Signaling molecules called small GTPases regulate a wide variety of cellular processes, including cellular migration, proliferation, and adhesion. Misregulation of these molecules has been implicated in the progression of cancer. Essential for their proper subcellular localization and activity, small GTPases are prenylated to promote association with membranes. Our lab has recently uncovered a mechanism in which splice variants of SmgGDS control the entry of small GTPases into the prenylation pathway. I am interested in understanding the different mechanisms and signals that regulate the entrance of small GTPases into the prenylation pathway.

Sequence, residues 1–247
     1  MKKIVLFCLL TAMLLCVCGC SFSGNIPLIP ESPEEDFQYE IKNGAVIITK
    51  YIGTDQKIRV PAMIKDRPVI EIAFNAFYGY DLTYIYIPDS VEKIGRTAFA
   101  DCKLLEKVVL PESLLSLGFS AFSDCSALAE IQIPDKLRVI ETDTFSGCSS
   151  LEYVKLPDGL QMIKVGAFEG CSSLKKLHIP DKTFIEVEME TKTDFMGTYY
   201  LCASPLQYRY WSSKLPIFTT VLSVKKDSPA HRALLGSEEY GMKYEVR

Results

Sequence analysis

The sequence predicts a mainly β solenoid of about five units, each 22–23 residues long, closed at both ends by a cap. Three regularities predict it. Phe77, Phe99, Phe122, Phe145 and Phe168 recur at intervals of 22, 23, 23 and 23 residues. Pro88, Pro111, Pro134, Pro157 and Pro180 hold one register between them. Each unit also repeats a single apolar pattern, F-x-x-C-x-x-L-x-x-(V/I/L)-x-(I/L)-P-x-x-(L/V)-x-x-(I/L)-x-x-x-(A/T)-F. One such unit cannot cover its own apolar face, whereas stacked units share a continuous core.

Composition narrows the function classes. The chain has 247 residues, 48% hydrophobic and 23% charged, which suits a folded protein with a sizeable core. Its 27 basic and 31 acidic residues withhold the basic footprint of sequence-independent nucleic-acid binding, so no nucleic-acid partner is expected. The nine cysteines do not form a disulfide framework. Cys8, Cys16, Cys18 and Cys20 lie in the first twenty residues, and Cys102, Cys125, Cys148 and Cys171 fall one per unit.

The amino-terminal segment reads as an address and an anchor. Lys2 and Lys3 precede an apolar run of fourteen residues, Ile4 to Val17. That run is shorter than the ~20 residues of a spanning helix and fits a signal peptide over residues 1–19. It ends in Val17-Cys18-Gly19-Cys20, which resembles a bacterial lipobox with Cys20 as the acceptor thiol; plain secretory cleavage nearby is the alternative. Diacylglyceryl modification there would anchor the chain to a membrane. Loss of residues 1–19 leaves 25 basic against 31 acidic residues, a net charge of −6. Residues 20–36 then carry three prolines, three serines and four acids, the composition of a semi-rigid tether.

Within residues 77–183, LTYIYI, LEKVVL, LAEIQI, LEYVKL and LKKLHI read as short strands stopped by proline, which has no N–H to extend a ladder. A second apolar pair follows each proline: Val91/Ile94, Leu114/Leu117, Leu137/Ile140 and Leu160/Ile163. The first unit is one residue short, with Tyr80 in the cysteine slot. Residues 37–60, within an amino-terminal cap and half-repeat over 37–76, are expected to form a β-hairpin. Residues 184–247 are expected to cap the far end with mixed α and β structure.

Additionally, signaling by adenosine has been shown to be very important in cancer. Elevated concentrations of adenosine have been observed in a variety of cancer tissues. Adenosine signals through four G-protein coupled receptors, each of which couple to different classes of G proteins. Upon adenosine binding its receptor, a variety of different signaling pathways can potentially be activated. The outcome, therefore, depends largely on the expression of the four adenosine receptor subtypes on the cell surface. Many of these outcomes are very important in cancer, including enhanced proliferation, immunosuppression, and angiogenesis. I am interested in discovering whether these downstream signaling pathways activated by adenosine tie into the prenylation of small GTPases.